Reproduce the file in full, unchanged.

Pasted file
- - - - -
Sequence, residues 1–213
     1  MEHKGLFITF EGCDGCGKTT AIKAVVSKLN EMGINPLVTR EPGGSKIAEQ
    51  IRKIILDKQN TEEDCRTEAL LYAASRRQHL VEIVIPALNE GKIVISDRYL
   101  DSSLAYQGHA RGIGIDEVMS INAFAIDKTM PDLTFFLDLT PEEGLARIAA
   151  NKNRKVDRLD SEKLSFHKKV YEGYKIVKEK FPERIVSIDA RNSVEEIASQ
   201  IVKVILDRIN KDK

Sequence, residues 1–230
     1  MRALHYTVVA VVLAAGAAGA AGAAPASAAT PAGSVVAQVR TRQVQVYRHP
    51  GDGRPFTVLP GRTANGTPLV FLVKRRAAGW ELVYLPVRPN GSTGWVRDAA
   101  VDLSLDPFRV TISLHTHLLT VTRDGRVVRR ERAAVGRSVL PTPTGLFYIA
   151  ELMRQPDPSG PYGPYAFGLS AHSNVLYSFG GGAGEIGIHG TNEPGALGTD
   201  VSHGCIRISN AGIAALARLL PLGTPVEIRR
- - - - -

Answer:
Sequence, residues 1–213
     1  MEHKGLFITF EGCDGCGKTT AIKAVVSKLN EMGINPLVTR EPGGSKIAEQ
    51  IRKIILDKQN TEEDCRTEAL LYAASRRQHL VEIVIPALNE GKIVISDRYL
   101  DSSLAYQGHA RGIGIDEVMS INAFAIDKTM PDLTFFLDLT PEEGLARIAA
   151  NKNRKVDRLD SEKLSFHKKV YEGYKIVKEK FPERIVSIDA RNSVEEIASQ
   201  IVKVILDRIN KDK

Sequence, residues 1–230
     1  MRALHYTVVA VVLAAGAAGA AGAAPASAAT PAGSVVAQVR TRQVQVYRHP
    51  GDGRPFTVLP GRTANGTPLV FLVKRRAAGW ELVYLPVRPN GSTGWVRDAA
   101  VDLSLDPFRV TISLHTHLLT VTRDGRVVRR ERAAVGRSVL PTPTGLFYIA
   151  ELMRQPDPSG PYGPYAFGLS AHSNVLYSFG GGAGEIGIHG TNEPGALGTD
   201  VSHGCIRISN AGIAALARLL PLGTPVEIRR